By dave | November 15, 2018

Using SwitchInput in your sketches

SwitchInput is a button and rotary encoder management library that treats button presses and encoder adjustments as events, similar to web and UI applications. Supporting as many switches and rotary encoders as you need, in a completely event driven way, working along with TaskManagerIO to keep your code clean.

Key points:

  • Buttons using either pull down or pull up logic connected directly or via any supported IO expander
  • De-bouncing of events on all buttons and encoders to significantly reduce duplicate callbacks.
  • Callbacks when a button gets pressed, released or both.
  • Indication of a long press (held state) with configurable support for repeat keys.
  • Rotary encoder needs no additional components in most cases.
  • Works with Arduino, mbed 5/6, ESP on pins, PCF8574, MCP23017 or shift-registers.

You can see SwitchInput in the reference docs.

To setup SwitchInput

To initialise switches during setup we call the initialise or initialiseInterrupt method, indicating if the buttons are on arduino pins, a shift register or i2c. You do this by providing an IoAbstractionRef documented here. The second parameter is true for PULL UP button logic, and false for PULL DOWN button logic.

// inside setup
void setup() {
    // we default to using IO over arduino pins, see above to change to i2c or shift registers.
    switches.initialise(ioUsingArduino(), usePullUpLogic);
}

Or you can initialiseInterrupt if you prefer that each button causes an interrupt that the library monitors. In this case it will register an interrupt for each button with taskManager. As above, second parameter defines if the buttons use PULL_UP or PULL_DOWN logic.

// inside setup
void setup() {
    // we default to using IO over arduino pins, see above to change to i2c or shift registers.
    switches.initialiseInterrupt(ioFrom8574(0x20), usePullUpLogic);
}

The usePullUpLogic parameter refers to if the switch is active low (pull-up) or active high (pull-down). Pull-up is the most common because no external components are needed in most cases. When using a switch the input must always be pulled in one direction, because the input pin is very high impedance and will otherwise float between low and high.

Below the diagram shows all three possibilities:

Pull down & pull up examples

Example wiring of a pull-down & pull-up button to an Arduino

  • PU1 - here we use INPUT_PULLUP as the input mode, it enables the internal pull-up resistor, it holds the input HIGH until the switch is pressed, when it pulls the input LOW.
  • PU2 - here as above, but we provide an external pull up resistor, needed when either the pin is not pull-up capable or for longer wire runs.
  • PD1 - here we use INPUT as the mode, and provide a resistor to GND that holds the input LOW. When the switch is pressed, the input goes HIGH.

To add a button

To add a button there are three possible methods, you can call addSwitch, addSwitchListener or onRelease. Which ever you use, the pin requested will be monitored by switches and appropriate callbacks triggered as events occur. If an interrupt needs to be registered, switches will do it as part of initialisation.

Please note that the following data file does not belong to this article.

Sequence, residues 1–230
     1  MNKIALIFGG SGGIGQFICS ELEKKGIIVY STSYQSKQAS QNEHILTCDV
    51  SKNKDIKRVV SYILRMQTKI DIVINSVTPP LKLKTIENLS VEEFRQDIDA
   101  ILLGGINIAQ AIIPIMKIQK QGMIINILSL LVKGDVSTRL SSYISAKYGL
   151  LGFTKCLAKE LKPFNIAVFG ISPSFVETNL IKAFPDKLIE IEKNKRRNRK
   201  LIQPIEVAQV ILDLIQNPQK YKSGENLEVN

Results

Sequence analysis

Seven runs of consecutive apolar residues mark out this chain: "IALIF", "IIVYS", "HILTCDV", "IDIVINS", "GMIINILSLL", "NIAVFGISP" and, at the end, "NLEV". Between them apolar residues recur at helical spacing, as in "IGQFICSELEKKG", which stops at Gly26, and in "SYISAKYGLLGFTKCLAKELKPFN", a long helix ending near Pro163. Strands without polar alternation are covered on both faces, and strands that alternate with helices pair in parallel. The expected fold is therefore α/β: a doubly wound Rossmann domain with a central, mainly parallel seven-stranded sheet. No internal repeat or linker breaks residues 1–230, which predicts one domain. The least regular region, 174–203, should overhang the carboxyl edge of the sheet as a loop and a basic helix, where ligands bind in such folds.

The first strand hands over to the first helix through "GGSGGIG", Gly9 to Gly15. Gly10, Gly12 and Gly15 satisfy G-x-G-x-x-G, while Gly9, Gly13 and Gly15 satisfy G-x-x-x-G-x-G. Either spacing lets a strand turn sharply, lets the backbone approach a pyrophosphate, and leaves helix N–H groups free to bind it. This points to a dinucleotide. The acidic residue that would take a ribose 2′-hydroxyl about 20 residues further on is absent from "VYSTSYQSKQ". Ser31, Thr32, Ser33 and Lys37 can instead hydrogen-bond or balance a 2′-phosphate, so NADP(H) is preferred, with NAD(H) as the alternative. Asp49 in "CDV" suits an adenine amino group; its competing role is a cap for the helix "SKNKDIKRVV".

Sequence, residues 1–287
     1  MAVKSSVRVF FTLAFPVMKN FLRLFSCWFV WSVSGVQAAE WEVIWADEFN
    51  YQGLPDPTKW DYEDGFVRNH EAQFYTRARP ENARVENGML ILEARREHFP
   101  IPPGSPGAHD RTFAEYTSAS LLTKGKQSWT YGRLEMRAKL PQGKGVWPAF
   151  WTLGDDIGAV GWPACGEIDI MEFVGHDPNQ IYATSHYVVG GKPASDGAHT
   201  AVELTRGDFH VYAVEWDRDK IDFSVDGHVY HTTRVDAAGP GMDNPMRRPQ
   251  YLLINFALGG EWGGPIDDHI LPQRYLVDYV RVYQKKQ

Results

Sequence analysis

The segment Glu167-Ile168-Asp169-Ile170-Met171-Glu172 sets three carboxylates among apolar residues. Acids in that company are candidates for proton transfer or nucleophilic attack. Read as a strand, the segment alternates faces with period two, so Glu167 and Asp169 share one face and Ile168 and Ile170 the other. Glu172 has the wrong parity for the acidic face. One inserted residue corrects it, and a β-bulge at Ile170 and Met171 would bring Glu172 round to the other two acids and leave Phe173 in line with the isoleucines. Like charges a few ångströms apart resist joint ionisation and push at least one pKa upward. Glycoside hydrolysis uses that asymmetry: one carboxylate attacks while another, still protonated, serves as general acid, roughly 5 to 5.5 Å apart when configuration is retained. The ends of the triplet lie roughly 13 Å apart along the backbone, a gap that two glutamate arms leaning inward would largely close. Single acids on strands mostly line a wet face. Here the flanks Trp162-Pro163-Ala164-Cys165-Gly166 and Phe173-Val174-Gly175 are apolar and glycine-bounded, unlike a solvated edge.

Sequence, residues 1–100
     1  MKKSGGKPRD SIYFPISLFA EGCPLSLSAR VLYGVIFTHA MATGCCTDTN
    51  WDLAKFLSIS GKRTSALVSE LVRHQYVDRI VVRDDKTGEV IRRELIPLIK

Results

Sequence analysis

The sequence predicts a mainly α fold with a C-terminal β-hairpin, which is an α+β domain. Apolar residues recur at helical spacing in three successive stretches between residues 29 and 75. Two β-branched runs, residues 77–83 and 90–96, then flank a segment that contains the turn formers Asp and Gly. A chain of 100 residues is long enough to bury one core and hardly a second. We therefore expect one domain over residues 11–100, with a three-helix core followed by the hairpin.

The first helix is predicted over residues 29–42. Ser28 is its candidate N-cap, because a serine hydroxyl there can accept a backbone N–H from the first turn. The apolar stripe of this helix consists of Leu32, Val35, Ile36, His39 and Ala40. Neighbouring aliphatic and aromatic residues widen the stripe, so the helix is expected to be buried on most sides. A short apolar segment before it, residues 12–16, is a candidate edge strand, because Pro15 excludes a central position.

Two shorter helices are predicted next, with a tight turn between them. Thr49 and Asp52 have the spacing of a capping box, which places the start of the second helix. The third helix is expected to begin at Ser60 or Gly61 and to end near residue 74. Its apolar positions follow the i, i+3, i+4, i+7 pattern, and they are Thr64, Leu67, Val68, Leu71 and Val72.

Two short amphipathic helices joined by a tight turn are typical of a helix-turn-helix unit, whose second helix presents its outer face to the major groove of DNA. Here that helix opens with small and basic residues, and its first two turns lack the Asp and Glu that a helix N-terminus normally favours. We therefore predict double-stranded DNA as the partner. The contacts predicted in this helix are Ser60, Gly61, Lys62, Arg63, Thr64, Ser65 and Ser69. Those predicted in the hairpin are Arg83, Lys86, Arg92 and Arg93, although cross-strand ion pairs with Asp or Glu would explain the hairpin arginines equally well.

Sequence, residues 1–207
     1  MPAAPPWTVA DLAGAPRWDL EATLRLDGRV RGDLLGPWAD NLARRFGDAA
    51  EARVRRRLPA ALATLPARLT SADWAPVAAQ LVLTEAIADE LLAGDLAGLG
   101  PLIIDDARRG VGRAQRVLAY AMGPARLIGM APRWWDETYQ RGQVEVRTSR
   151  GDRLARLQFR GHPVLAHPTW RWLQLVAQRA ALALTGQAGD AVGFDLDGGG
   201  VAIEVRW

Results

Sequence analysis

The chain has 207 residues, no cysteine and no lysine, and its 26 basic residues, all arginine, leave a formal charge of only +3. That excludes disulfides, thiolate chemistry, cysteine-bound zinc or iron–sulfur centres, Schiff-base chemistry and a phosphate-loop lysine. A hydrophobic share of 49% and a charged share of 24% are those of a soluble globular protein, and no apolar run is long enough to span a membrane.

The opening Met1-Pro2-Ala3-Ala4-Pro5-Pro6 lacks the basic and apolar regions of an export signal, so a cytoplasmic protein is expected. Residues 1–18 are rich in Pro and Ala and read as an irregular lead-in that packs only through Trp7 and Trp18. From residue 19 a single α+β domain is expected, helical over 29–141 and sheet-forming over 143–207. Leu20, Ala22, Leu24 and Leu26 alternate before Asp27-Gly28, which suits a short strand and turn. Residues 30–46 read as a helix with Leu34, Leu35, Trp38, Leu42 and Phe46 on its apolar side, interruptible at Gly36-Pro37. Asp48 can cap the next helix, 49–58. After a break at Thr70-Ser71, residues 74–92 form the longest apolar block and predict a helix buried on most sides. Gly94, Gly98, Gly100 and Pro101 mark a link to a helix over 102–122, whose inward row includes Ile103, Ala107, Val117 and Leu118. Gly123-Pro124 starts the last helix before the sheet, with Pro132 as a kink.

Firstly, lets look at addSwitch, this allows us to add a function to be called back when the user presses the button:

// this function is the callback, name the function as you wish.
void onPressed(uint8_t pin, bool heldDown) {
    // your code for when switch is pressed here.
}

// then in setup to add a button that doesn't repeat
// in this case you get one extra call back when held down
void addSwitch(buttonPin, onPressed);

// or a repeating button simply add the extra parameter
// in this case you are repeatedly called back when held
// invertedLogic allows you to invert the pull-up/down behaviour
void addSwitch(buttonPin, onPressed, repeatInterval, invertedLogic);

You can also register to receive onRelease callbacks, it uses the same listener callback function signature as above. If addSwitch has not previously been called, then the pin is initialised first:

// and if you want to be notified when the button is released..
// the callback is exactly the same signature as for onPressed.
void onRelease(buttonPin, onReleased);

Where:

  • buttonPin : the chosen IO port that the button is connected to.
  • onPressed : a callback function to receive the notification, specify any function without the brackets.
  • repeat: defaults to NO_REPEAT or provide a multiple of twenty milliseconds up to 254 (~5 seconds between events).
  • invertLogic : invert the pull-up/down behaviour just for this pin.

You can also add switches using a listener object instead of a callback. The listener must implement the SwitchListener interface which provides methods for handling key presses and releases.

First we create a class that implements the interface and declare a global instance of it, either globally or by using new:

class MyKeyListener : public SwitchListener {
public:    
    void onPressed(uint8_t /*pin*/, bool held) override {
        // Called on key press
    }

    void onReleased(uint8_t /*pin*/, bool held) override {
        // Called on key release
    }
} keyListener;

Then during setup we add a switch as follows (other parameters as per addSwitch):

switches.addSwitchListener(buttonPin, &keyListener);
switches.addSwitchListener(buttonPin, &keyListener, repeatInterval);

For both callback and listener forms of addSwitch you can also invert the logic by providing a 4th bool parameter that indicates if the logic should be inverted. To use this form you must always pass the repeat interval: